by Tim Redmond : 48hills – excerpt
The city has more than 30,000 sites where a “density bonus” could be allowed for building taller housing with some affordable units
By Tim Redmond
NOVEMBER 23, 2015 – There’s not a lot going on at City Hall this week; things tend to slow down for the holiday. Which gives us a chance to talk about a couple of things that have been floating around this fall and that have gotten lost in the campaign season.
There is, for example, this grand plan for what city officials call an “affordable housing density bonus.”
Here’s how it’s supposed to work: If you are going to build new housing in the city, and you are seeking permits in an area with pretty low height limits (like most residential neighborhoods) you can get as much as two stories or extra height if you agree to build more affordable units.
Nice, right? We aren’t talking about giant highrises, just and extra ten or 20 feet in exchange for an increase in below-market units. Let the developers do what they do, and make the new places just a little taller, and we suddenly have thousands of new “affordable” units.
But Tommi Avicolli Mecca, a longtime tenant advocate at the Housing Rights Committee, points out that there’s a huge loophole here:
What happens if developers decide to demolish existing rent-controlled housing units to build taller buildings with more units – but no rent control?
There are thousands and thousands of places in the path of the city’s density-bonus program that are smaller than what the plan would allow. Among them, Mecca told me, is the site on Castro where Harvey Milk’s camera shop once stood.
“Are they going to tear down that building?” he asked.
The current city law makes it hard to demolish existing residential units. Any demolition plan requires a conditional use permit, which means a full hearing at the Planning Commission. The code is designed to discourage any housing demolition; the default assumption is that housing should be preserved.
But what happens when a developer comes to the commission and says: Hey, I’m tearing down six units – but I’m going to build ten, and three of them will be affordable?
The way this commission, and for the most part this Board of Supervisors, has been trending, anything that offers more housing is good. So that’s an argument that might have traction.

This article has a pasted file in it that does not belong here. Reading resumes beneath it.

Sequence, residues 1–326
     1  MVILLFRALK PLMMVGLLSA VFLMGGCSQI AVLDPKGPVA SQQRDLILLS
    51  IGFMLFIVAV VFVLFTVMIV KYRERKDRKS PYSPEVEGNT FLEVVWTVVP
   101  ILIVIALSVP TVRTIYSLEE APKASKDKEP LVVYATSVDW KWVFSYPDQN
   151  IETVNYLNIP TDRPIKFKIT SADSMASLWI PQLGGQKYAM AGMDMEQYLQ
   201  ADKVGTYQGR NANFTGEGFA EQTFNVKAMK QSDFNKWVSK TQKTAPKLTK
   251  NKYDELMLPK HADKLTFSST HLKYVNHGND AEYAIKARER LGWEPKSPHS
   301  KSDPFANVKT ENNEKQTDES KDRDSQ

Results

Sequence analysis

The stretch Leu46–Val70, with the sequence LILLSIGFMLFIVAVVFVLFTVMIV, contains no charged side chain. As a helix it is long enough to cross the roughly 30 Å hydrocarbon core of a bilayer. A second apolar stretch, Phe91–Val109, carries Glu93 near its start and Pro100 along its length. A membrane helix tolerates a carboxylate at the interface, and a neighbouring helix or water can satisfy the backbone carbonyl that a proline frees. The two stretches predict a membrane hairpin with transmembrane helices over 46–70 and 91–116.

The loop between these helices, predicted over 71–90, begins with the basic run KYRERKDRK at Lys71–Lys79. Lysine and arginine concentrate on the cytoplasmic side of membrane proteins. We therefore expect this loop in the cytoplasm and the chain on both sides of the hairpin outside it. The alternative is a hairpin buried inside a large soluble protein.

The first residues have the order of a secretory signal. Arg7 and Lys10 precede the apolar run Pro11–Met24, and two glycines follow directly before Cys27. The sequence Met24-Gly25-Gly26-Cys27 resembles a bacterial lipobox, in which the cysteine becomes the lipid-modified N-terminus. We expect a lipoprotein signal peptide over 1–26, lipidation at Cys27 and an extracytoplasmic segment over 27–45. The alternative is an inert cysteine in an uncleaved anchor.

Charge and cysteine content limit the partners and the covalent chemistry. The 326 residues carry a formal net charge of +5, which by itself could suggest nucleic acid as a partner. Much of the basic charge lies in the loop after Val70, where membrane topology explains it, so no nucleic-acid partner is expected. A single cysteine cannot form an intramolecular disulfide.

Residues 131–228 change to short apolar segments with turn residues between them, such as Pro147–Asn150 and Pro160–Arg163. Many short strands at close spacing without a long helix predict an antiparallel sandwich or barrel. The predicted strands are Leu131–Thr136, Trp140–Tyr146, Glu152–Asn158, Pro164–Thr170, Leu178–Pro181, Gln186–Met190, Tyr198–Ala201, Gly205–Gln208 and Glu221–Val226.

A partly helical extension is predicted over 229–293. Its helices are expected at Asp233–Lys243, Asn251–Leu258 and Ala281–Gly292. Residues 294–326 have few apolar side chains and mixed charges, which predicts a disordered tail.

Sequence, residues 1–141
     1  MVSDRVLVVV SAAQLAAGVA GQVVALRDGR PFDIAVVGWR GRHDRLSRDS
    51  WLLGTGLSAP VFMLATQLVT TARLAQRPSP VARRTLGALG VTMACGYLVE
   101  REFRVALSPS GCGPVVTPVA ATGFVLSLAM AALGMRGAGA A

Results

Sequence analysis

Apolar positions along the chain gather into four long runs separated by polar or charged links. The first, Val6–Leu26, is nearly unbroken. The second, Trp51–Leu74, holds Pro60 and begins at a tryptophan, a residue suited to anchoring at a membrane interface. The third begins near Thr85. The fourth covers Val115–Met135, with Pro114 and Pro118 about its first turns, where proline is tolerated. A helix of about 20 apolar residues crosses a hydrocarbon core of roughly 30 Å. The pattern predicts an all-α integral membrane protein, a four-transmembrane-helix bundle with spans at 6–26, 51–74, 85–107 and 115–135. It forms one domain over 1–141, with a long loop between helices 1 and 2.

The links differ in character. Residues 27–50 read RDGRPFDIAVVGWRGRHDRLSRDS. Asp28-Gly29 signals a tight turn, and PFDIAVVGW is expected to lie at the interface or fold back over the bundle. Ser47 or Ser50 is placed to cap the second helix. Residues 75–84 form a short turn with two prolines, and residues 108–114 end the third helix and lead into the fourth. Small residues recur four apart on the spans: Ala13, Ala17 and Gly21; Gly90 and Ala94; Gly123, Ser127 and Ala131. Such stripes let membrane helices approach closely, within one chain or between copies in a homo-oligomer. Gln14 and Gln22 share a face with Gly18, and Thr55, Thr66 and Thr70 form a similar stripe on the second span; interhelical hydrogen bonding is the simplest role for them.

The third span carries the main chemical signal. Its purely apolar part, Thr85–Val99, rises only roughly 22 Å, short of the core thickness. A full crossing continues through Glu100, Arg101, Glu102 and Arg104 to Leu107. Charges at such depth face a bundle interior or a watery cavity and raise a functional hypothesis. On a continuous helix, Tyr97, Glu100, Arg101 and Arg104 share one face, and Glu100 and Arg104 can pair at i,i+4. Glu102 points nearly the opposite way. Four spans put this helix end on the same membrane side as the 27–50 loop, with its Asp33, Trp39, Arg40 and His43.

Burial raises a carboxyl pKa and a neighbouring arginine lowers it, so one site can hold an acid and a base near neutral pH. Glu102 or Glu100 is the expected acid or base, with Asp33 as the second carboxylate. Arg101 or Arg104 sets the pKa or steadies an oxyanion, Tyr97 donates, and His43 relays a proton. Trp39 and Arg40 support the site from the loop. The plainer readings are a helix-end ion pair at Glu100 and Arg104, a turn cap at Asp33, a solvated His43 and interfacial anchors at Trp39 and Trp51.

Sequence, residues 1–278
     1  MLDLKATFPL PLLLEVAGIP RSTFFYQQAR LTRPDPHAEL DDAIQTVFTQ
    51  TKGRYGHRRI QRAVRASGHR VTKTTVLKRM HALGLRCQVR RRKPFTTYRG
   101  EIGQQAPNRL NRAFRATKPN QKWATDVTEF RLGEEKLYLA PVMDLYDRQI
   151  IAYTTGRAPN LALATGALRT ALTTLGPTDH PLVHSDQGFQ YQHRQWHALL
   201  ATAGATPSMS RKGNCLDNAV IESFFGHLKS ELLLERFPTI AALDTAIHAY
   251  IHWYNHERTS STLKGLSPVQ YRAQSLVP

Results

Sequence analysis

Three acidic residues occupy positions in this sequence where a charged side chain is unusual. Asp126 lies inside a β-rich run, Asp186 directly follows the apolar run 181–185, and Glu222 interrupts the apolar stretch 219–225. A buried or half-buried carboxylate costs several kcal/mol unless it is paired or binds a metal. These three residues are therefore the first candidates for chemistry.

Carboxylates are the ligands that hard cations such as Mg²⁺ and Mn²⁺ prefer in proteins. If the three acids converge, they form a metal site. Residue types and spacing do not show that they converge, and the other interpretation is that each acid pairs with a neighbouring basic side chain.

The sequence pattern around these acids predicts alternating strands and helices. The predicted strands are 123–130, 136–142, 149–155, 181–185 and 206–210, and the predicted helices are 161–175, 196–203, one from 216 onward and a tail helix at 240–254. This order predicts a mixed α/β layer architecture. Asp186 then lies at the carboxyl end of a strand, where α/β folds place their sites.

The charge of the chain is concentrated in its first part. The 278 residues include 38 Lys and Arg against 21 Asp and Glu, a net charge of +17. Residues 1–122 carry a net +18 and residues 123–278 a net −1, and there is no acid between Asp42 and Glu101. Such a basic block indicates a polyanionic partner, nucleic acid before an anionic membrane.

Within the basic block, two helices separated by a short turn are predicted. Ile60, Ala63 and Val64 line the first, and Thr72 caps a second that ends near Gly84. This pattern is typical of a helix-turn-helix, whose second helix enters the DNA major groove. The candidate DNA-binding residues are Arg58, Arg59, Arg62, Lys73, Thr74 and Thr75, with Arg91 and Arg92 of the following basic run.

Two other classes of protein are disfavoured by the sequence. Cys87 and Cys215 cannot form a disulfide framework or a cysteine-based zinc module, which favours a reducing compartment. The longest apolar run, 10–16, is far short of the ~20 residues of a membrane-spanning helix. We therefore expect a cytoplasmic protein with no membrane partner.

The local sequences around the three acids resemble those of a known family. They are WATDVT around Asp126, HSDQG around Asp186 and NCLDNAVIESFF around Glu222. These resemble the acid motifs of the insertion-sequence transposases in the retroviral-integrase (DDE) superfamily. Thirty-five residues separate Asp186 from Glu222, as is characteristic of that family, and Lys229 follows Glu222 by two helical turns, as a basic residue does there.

Two problems: A lot of that existing housing is in irreplaceable Victorian buildings, part of the city’s historic legacy, which would be turned to dust in the name of (ugly) new utilitarian structures that maximize space.
And under state law, all housing constructed after 1979 is exempt from rent control.
So you tear down rent-controlled housing, which means the existing residents are evicted and forced out of town, probably out of the Bay Area. (Any eviction of long-term working-class tenants or people on fixed incomes today means they are gone, forced to move to another part of the country.)
Then new units that are not under rent control are built, along with some below-market units – probably fewer than the existing affordable units that were destroyed.
Oh, and the existing tenants won’t have any preference for those affordable units, which won’t be built until those tenants have already fled the region.
In the end, maybe, net loss of affordable housing.
Remember: In a housing crisis, the most important, and least expensive, housing is what already exists. The first priority has to be preventing the loss of rent-controlled housing stock.
“We went to the planners and asked about this, and they said they would get back to us,” Mecca told me.
I tried the same thing: I posed the question to the chief planner on the program. What, I asked, will prevent developers from demolishing existing rent-controlled housing to build more new units that might not be under rent control?
I don’t think the battle over Fifth and Mission is over – and the same goes for the board’s approval of a highrise condo complex on the waterfront at 75 Howard.
There’s a good chance of lawsuits challenging the EIRs in both projects – and there’s also the prospect of ballot measures.
The developer of 8 Washington got all of his City Hall approvals, too. And that is now dead, thanks to a vote of the people.
Voting is on for the local board of the Sierra Club, and a pro-development group is trying to take control. If you’re a member, you get to vote (and a lot of members don’t). There’s a big difference between the slates, and you can figure it out pretty easily – the ones who have only been members since 2014 are the developer-driven candidates who want to make the local chapter promote more market-rate housing. The ones who have been members for many years are credible environmentalists.
There’s also a battle for control of the SF Bicycle Coalition, between a group that is more focused on the single-issue of bicycles and a group that wants the organization to veer more toward larger transportation justice issues. Also: One group wants to eliminate elections for board members in the name of “privacy.”
The coalition has always walked a fine line between doing the narrow mission – advocating for better conditions for bicycling in SF – and being part of a larger progressive coalition. In the last election, for example, the coalition endorsed both Aaron Peskin and Julie Christensen, who might both like bikes but who have very different vision about issues of economic and transit justice.
The November municipal election is over. Two key environmental groups are just starting theirs… (more)
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